Content Copyright © 2005 Bloor. All Rights Reserved.
I reported recently that Business Objects is to acquire SRC and I promised that I would write more about this acquisition once I had further details. Well, although I do have more information, it will be a little while before the acquisition is completed, so finalised details are not yet available.
What we do know, however, is that Business Objects is one of the major business intelligence vendors and that SRC is a relatively small, if well-regarded, player in the market for corporate performance management (CPM).
There is little enough to say about Business Objects as the company is so well known, though it is worth noting that since Cognos acquired Adaytum, Business Objects has publicly espoused its emphasis on business intelligence as opposed to the distraction of CPM. However, it would say that, wouldn’t it? Especially as rumour has it that Business Objects was also in the running to buy Adaytum. Be that as it may, Business Objects has now clearly leapt off the CPM fence.
The most interesting part about this acquisition is not that Business Objects has bought someone in this field, but who it has opted to buy. SRC is, as far as I know, alone in focusing on industry specific solutions to CPM. For example, it recently launched an impressive CPM package for the hospitality sector. Indeed, I was so impressed by this that I was moved to write a white paper about it as an exemplar of how users should think about implementing CPM. This is available for free download.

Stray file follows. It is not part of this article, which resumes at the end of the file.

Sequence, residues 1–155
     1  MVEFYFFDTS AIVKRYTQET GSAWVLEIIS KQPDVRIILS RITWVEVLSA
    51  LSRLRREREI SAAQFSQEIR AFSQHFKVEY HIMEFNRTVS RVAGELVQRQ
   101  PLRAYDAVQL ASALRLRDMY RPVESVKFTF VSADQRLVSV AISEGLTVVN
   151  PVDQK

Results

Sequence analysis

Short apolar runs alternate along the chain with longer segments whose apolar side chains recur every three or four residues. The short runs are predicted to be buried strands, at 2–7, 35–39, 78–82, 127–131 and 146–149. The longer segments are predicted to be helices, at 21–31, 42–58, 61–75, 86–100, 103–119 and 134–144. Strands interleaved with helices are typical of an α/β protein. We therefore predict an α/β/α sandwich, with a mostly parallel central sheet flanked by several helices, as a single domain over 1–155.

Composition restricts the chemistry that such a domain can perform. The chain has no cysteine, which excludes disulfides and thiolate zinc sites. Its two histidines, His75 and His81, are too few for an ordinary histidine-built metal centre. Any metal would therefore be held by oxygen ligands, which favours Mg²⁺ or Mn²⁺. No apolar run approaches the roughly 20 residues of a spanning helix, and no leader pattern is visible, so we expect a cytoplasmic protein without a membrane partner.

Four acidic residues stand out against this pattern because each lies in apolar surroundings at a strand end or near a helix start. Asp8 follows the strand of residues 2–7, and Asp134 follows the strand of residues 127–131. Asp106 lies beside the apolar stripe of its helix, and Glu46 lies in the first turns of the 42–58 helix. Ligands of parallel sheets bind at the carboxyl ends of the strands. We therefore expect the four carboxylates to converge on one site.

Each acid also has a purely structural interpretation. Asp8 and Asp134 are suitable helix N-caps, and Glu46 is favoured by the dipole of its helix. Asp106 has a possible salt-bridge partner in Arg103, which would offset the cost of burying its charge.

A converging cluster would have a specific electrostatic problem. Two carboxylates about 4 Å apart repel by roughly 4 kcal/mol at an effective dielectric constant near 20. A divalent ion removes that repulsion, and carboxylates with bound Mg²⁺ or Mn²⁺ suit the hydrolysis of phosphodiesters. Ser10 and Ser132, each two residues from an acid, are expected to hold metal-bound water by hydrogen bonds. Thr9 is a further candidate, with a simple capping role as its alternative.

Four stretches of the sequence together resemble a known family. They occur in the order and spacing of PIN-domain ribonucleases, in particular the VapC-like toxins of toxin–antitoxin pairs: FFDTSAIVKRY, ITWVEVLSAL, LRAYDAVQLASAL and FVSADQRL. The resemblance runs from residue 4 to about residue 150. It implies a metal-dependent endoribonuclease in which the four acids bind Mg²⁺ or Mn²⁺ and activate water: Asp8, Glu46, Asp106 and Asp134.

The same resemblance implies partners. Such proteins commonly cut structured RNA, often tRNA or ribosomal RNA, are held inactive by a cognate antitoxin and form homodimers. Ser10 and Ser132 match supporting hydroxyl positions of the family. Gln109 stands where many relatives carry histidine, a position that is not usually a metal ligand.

Now you may not know this but Business Objects organises its sales force around vertical lines and, once this is appreciated, then the acquisition of SRC, as opposed to anyone else, makes obvious sense.
While Business Objects cannot, at this stage, talk about how it intends to integrate SRC with its existing product set, in my opinion the company has done an excellent job with the acquisition of Crystal, so I do not believe that integration will be a major issue. More interesting is the question of how the market will like a vertically oriented solution as opposed to a generic solution of the type that companies like Cognos, Hyperion, OutlookSoft or Cartesis can offer?
At the very high end there is probably an argument in favour of a generic approach – if for no other reason than that the largest organisations will probably need significant customisation so a vertically-oriented solution does not add much value. Conglomerates will also favour a more generic approach. However, the rest of the market is likely to favour a more sector-based methodology and this is particularly true in the mid-market, where the SRC-based offering is likely to appeal to Business Objects’ channel partners.
Up until now Cognos has had a free run at the CPM market without its arch-rival being evident. That is no longer the case: let battle be joined!